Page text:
As you read the pages of my website, you will come to realize that I am a major fan of Intel microprocessors. My many years in the computer business have shaped me this way. There was a time when I was a much more vocal proponent of AMD products. That was many years ago though. That was before laptops were really all that prevalent.
My Experience With AMD Based Computers
AMD has always been more of a value brand of chip. For the most part they have always been a little better value because of their ratio of price to quality. All of that changed some years back for me. My repair shop has cranked out thousands of computer repairs over the years. One thing that came to my attention over a period of time was that it seemed there were an excessive number (my opinion) of computers with AMD microprocessors in them that would come into the shop with burned out CPU’s.
I am sure that a lot of that was not totally the fault of AMD. I am quite sure that a lot of it was more the fault of the cooling systems that were being used in conjunction with those chips. The cooling was inadequate or just plain faulty. Then the chips would overheat. An overheated chip would usually lead to additional component failure in things like the motherboard and/or the power supply. Actually, in a lot of these computers I would find multiple component failures. I was never sure which component failed first. It is entirely possible that the AMD chips were well constructed and that the fault really should have been placed on the manufacturer of the motherboard or power supply. I just thought it was odd that the CPU’s were burned out along with the other components.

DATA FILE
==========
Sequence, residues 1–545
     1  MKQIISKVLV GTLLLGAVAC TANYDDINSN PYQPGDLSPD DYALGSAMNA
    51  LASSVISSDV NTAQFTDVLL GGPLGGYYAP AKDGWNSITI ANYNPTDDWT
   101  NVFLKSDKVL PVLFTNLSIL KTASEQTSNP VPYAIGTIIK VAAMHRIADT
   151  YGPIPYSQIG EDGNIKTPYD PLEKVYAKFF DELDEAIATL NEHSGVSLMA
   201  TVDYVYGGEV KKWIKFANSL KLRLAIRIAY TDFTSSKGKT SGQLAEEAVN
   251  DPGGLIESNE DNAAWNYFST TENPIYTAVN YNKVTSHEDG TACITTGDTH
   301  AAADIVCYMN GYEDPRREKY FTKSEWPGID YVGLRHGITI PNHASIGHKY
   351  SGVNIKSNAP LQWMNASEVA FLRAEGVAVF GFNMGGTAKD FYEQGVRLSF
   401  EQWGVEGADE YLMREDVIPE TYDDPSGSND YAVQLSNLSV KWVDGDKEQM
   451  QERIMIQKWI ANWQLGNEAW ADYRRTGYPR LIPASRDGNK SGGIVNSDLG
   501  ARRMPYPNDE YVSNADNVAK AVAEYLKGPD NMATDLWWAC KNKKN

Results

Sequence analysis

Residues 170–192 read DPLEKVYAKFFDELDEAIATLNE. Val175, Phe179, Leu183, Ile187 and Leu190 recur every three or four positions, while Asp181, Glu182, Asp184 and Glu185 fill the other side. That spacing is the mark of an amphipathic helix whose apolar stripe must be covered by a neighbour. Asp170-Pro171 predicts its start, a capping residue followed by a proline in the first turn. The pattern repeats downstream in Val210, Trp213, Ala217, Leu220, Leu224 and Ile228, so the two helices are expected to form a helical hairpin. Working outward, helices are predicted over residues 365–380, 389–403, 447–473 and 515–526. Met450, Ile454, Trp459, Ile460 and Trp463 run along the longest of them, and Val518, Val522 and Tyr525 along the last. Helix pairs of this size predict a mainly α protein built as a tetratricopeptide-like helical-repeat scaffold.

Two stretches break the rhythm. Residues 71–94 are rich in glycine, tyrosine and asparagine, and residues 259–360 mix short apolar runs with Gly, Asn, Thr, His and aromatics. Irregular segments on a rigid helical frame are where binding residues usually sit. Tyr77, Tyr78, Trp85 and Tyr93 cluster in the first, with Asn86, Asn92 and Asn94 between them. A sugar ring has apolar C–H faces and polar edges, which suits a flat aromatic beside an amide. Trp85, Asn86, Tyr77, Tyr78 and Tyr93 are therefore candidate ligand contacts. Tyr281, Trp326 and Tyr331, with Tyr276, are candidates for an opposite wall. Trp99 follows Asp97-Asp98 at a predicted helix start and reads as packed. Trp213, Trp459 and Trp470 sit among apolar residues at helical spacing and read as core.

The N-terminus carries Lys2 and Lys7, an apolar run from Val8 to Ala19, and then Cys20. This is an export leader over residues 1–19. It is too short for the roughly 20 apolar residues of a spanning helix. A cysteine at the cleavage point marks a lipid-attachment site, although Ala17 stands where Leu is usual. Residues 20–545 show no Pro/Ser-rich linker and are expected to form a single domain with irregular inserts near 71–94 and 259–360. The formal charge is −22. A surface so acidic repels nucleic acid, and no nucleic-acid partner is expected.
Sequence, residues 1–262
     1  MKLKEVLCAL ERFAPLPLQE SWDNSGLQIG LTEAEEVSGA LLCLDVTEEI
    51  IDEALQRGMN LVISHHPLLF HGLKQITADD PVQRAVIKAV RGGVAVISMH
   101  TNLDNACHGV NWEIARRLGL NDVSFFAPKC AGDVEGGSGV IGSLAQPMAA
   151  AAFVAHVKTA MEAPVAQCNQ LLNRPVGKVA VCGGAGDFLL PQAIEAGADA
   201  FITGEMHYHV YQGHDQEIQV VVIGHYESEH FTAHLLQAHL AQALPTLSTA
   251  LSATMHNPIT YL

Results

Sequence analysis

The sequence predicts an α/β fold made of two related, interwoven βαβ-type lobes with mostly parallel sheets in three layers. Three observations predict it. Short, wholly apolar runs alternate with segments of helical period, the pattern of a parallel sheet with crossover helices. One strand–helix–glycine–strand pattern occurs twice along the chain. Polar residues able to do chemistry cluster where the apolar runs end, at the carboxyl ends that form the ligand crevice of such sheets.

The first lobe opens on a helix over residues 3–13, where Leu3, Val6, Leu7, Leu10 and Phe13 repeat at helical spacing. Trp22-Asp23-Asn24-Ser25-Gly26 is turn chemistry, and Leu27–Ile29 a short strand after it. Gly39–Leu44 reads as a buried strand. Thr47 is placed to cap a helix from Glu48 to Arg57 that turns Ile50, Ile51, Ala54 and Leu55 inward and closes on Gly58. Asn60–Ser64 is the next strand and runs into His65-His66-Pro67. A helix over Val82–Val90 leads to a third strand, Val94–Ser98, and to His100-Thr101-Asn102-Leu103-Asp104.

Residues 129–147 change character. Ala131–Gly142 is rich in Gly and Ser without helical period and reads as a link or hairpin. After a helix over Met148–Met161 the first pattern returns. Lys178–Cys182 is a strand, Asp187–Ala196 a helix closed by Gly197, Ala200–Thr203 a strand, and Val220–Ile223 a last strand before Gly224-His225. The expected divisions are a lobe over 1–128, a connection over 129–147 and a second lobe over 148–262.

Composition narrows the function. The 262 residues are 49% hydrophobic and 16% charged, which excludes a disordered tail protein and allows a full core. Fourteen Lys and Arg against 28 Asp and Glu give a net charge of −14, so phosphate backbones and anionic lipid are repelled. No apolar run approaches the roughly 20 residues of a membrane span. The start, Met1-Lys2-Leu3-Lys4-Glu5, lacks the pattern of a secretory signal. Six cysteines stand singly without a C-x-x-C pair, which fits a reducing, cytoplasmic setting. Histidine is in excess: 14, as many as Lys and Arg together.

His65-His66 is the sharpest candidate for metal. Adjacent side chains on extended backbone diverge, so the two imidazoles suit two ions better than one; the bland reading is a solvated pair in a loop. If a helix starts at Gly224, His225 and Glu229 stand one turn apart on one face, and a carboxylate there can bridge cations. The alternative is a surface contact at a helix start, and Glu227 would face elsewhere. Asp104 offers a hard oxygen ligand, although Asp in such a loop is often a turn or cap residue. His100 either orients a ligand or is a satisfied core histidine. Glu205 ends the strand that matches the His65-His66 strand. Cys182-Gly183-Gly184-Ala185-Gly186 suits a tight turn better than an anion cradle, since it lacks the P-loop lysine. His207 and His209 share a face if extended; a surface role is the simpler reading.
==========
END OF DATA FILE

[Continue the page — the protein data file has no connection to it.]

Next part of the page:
One thing that became all too apparent was that all of the lower quality computer manufacturers were primarily shipping units with the AMD chips. I presume they did this mostly because of the costs. The end result was that most of the really low quality computers that I considered to be complete junk were built all around these AMD microprocessors.
Too many years of low quality systems mostly running AMD brains led me to develop somewhat of a disliking for AMD based units in general. That same dislike carried right over into the laptops.
When laptops started gaining popularity and we started seeing more and more of them come in for repairs, I realized that an awful lot of the AMD based units were really underpowered for what they were being asked to do. People would say that they don’t need much power to surf the internet and read emails. This is true. The problem is that the computers they were buying would come pre-loaded from the factories with all kinds of software with memory resident modules that loaded every time you started up the computer.
So, your laptop wasn’t just running the basic thirty something Windows’ services that were standard with Windows XP. Instead those computers would be running somewhere around sixty different modules that required a lot of computing power to manage. The end result for the computer owner was a laptop that was slow right from the get go. These chips were just too slow in speed (Ghz) and had to little built in cache to run the computer at a speed that I thought was acceptable.